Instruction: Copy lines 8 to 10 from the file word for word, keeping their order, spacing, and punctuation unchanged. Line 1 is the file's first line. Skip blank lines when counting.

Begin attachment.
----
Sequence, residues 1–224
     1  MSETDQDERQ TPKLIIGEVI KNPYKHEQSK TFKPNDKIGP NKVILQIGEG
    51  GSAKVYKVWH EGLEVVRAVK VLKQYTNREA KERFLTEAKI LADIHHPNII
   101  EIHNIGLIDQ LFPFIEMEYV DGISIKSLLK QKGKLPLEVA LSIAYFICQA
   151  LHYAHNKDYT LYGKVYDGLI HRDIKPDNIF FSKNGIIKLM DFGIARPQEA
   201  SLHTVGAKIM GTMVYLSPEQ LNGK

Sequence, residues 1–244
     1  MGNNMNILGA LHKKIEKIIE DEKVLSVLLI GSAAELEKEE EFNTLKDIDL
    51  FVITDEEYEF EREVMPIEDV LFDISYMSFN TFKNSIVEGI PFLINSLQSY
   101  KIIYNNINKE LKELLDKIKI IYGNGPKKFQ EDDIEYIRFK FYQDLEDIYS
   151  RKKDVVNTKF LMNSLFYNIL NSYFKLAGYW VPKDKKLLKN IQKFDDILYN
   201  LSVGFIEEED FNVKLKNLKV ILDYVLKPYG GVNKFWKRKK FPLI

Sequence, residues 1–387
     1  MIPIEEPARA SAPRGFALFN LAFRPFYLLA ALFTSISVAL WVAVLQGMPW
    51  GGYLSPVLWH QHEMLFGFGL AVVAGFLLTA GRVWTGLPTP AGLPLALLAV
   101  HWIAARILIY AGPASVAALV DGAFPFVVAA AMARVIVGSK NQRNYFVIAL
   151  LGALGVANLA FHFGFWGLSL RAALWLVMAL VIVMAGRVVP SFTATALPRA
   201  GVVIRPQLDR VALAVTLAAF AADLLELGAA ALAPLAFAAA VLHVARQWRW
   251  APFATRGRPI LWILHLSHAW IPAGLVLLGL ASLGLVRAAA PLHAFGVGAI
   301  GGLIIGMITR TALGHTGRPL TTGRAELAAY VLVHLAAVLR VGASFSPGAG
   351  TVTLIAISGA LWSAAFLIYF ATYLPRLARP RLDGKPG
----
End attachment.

     1  MGNNMNILGA LHKKIEKIIE DEKVLSVLLI GSAAELEKEE EFNTLKDIDL
    51  FVITDEEYEF EREVMPIEDV LFDISYMSFN TFKNSIVEGI PFLINSLQSY
   101  KIIYNNINKE LKELLDKIKI IYGNGPKKFQ EDDIEYIRFK FYQDLEDIYS